February – 2009

Making Education Equitable in Rural China through Distance Learning

Shiling McQuaide
Athabasca University, Canada


The Distance Education Project for Rural Schools (DEPRS) was implemented by the Chinese government between 2003 and 2007 to improve the quality of basic education in rural areas of China, especially in the poorer western provinces. It has been referred to as “the largest ICT project in the world up to now” because “it serves a larger population than any other similar projects and therefore will likely start a far-reaching information revolution in China.” This paper offers a descriptive analysis of the effectiveness and impact of DEPRS, explaining how and why it was implemented as a solution to close the wide gaps in access to high quality basic education. Focusing on the initial achievements of DEPRS, this paper explores if, how, and to what extent the three learning tools employed in DEPRS have improved basic education in remote rural areas.

Keywords: delivery models; audio/visual tools; DEPRS; ICT-facilitated distance learning


China has made great strides towards universalizing basic education in rural areas over the past two decades. Yet wide disparities in access to quality education continue to plague these areas. When the Hu-Wen regime came to power in 2003, it issued a development strategy that laid emphasis on the less developed inland provinces. Among the various programs and projects that the administration initiated to promote rural development, the Distance Education Project for Rural Schools (DEPRS) was a significant component. It aimed to improve the quality of basic education in rural areas of China, especially in the poorer western provinces. By early 2007, the bulk of the project had been successfully completed.

Distance education has been viewed internationally as a viable option for improving access to, and the equity and quality of, basic education in rural settings. A large body of literature has discussed different types of distance learning strategies and the contribution distance education has made to closing socio-economic gaps between developing and developed regions. Hilary Perraton states that distance education is a way to educate students who would otherwise get no education, and it is a tool to support and supplement conventional education in developing countries. Others highlight the important role distance learning plays in teacher training (Perraton, 2000, pp. 31-41; Moon & Robinson, 2003; Graig & Perraton 2003; Siaciwena & Lubinda, 2008; Bof, 2004).

Some scholars, however, have questioned the merits of applying advanced information communication technology (ICT) in developing countries where children and adults lack even the most basic living standards. Shalni Gulati, for example, suggests that when developing countries implemented ICT-facilitated education projects, the efforts aimed at extending educational opportunities to disadvantaged and poor populations ironically often widened the socio-economic gap. In these countries traditional technologies, such as print media, radio, and television, remain more effective because the high cost of Internet service prevents poor people from accessing it (Gulati, 2008, pp.11-12).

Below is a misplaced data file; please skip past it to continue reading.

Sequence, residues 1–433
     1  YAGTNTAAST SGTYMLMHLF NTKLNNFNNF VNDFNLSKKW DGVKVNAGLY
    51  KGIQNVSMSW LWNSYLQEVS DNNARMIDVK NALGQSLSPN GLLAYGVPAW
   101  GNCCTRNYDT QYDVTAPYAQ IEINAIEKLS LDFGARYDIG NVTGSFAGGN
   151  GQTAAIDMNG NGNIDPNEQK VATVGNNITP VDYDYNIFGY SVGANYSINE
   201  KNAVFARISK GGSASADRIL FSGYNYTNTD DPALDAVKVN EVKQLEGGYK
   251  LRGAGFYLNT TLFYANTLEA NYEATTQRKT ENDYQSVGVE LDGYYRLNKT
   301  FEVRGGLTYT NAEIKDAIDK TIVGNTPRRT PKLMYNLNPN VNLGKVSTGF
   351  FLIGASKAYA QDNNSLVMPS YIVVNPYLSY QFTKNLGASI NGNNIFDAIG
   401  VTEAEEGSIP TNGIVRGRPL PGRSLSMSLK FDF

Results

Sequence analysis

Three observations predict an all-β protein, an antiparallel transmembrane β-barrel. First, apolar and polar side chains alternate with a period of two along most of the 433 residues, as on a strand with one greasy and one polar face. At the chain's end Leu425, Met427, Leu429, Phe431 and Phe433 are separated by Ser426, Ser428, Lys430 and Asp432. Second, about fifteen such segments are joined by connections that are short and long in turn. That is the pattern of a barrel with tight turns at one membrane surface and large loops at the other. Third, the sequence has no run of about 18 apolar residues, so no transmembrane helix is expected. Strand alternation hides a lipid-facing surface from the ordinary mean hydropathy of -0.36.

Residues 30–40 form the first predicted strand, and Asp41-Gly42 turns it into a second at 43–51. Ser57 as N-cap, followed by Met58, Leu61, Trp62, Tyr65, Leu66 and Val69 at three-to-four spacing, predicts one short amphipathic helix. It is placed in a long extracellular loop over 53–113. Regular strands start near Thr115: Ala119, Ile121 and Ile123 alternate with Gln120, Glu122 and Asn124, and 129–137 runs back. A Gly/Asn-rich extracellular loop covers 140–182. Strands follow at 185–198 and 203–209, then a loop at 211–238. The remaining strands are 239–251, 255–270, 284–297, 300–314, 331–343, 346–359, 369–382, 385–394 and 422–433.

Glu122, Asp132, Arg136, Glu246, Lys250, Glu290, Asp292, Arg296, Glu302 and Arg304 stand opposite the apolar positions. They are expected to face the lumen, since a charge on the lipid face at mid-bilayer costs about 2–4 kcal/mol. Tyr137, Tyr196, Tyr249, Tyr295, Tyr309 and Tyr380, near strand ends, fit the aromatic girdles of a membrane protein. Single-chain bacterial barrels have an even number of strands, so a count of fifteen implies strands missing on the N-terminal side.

A number of successful distance learning programs around the world seem to support Gulati’s conclusion. In a study of India’s National Open School, the most comprehensive distance learning program in the country to offer secondary education to learners from low income and disadvantaged social groups, K. Sujatha describes the school’s delivery model as “combining self-study and Study Center support, complementing these with electronic media in a very limited way.” (Sujatha, 2002, pp. 95-96). Similarly, Telesecundaria, created in Mexico in 1968 to respond to the needs of remote villages, is a distance education program that uses television to carry most of the teaching load. In 1998, Telesecundaria’s enrollment accounted for 17.6% of the country’s total enrollment in grades seven to nine. Although people complain about the rigid scheduling of television broadcasting, full Internet connectivity is still considered technically difficult and too expensive (Wolff, Castro, Navarro & Garcia, pp. 145,149).

In contrast to the above arguments, several researchers have highlighted the successful implementation of advanced ICT to promote rural economy and basic education in developing countries. Rabbi and Arefin, for instance, optimistically claim that wireless ad hoc networking will provide e-learning for rural people in developing countries and facilitate various educational services, such as Web-based learning, computer-based learning, visual classrooms, and digital collaboration, which are hard to obtain in underdeveloped areas (Rabbi & Arefin, 2006). Bernadette Robinson, a distance education expert involved in the EU-China Gansu Basic Education Project, emphasizes the significant role advanced ICT played in teachers’ training in Gansu Province. The project set up 686 Teachers’ Learning Resources Centers, of which “85% could connect to the Internet one way or another” (Robinson, 2008, p.3). Another case study focuses on Gansu, one of the most isolated, mountainous, and impoverished provinces in China. This study demonstrated that local communities benefited tremendously from ICT projects that were carried out to diffuse Internet technology in two rural counties (Zhao, Hao, and Banerjee, 2006).